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As we took on the littleBits Instructable Build Night with some of the littleBits projects (many which were done with our Kid's Open Make group), we noticed that the parts would sometimes slip as they were being moved around and tested out. When this happened, the connection to each module would obviously be severed. Thus, the idea for individual clips was born.

Step 1: Tools and Materials

Tools needed:

- 3D Printer (any type will do)

- Digital Calipers

*Note: We realize not everyone will have a 3D printer but as this Instructable Build night was done at the Tampa Hackerspace, we had access to this equipment. We hope you too might have a space like this near you!*

Step 2: Measuring Time - Rectangle Wrap and Snap Clips

Rectangle Wrap

Time to use the Digital Calipers. Go ahead and connect 2 of the littleBits together. It really doesn't matter which ones as they are all uniform in size. Now take a measurement of the rectangle that is formed by the pieces being connected side by side. Once you have the length and the width of the rectangle, you will also want to think about how thick you want to make it. Attached you will find our STL files for the 3D printer. We did a few sizes as some 3D printers act differently.

The wrap_strap files attached are the full rectangle STL.

Snap Clips

If you would rather try it with the snap clips, this time you will take a measurement of the height and width formed by the pieces being connected side by side or you can still just do the width and figure out the best size for you on the length. Once you have the measurement, again you will also want to think about how thick you want to make it. Attached you will find our STL files for the 3D printer. We did a few sizes as some 3D printers act differently.

The snap files attached are for the snap style clip STL

Step 3: It's Printing Time

Using the STL files we attached (or perhaps you have used another CAD program to do your own) you are ready to print. Just let the 3D printer now do the work and when it's complete, test it out. You may find you might have to do work with the piece a little (maybe an acetone vapor bath or the like) to get them to fit just snug.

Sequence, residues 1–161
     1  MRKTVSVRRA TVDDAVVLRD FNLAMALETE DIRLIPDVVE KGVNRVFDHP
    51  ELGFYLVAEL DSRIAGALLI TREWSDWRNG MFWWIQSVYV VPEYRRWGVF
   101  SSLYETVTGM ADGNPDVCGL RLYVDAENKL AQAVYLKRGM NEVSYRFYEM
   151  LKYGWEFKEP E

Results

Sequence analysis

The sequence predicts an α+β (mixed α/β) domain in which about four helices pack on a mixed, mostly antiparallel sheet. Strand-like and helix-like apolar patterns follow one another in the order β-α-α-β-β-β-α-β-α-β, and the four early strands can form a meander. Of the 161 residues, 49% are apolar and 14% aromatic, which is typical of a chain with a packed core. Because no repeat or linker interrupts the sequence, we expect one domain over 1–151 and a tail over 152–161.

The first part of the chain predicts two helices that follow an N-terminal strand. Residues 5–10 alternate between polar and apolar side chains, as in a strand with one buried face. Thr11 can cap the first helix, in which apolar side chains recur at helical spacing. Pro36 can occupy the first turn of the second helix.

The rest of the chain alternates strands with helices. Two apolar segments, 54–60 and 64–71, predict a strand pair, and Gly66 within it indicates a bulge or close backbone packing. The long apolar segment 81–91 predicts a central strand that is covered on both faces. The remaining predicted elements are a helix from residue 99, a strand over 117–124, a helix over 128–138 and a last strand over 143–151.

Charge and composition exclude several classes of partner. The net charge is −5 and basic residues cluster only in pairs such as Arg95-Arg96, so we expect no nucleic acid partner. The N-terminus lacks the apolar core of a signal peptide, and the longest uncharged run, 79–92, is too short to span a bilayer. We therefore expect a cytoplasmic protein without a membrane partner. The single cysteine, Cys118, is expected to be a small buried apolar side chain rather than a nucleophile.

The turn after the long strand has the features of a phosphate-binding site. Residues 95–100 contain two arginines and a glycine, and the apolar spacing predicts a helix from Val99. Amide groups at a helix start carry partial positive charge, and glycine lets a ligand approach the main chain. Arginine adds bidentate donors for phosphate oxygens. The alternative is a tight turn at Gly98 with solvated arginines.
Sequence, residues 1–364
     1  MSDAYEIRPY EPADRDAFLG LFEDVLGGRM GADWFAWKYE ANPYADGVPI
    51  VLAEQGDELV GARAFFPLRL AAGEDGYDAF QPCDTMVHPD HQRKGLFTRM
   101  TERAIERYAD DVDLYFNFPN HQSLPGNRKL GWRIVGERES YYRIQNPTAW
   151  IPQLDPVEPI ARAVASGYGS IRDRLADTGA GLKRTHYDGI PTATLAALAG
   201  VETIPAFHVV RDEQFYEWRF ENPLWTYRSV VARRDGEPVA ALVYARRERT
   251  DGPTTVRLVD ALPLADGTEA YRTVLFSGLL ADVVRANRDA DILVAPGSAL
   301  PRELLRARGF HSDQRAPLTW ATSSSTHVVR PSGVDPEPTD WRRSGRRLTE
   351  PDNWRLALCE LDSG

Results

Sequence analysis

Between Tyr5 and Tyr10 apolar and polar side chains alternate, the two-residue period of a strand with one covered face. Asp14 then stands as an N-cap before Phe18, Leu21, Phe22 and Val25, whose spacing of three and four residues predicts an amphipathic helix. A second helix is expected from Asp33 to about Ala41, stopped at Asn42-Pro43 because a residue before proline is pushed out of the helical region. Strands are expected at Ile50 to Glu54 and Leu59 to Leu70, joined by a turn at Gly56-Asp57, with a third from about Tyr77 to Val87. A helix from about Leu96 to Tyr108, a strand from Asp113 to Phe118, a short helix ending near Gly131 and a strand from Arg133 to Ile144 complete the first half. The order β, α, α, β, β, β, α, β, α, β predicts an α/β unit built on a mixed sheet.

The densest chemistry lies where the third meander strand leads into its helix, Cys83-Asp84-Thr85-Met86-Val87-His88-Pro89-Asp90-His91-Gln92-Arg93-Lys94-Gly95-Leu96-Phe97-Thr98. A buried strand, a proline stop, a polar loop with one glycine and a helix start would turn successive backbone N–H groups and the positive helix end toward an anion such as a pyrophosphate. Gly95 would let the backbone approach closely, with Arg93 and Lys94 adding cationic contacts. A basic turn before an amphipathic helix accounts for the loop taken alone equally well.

That's it! Hopefully you will find them as useful as we have here at the Tampa Hackerspace!

<p>They now make brick adapters that work with LEGO Bricks <a href="http://littlebits.cc/accessories/brick-adapter" rel="nofollow">http://littlebits.cc/accessories/brick-adapter </a> and <br>Mounting Boards http://littlebits.cc/accessories/mounting-board that allow the littleBits to be attached. The first time your bits are snapped onto the mounting board may take a few tries to get them to stay, so they aren't 100% perfect.<br></p>
<p>Could design something in V Carve Pro and cut it out of plastic... </p>
<p>Very true. Especially if you have access to a small CNC machine (we have a Shapeoko 2 at the space).</p>
<p>Um yeah we just use rubber bands for hair and wrap those on. Im just saying is all. Please don't hate me for my attitusde</p>
<p>Cool, that works too. Necessity is the mother of invention, no?</p>
Nice! I have littleBits and I also thought they needed more than just magnets to connect.

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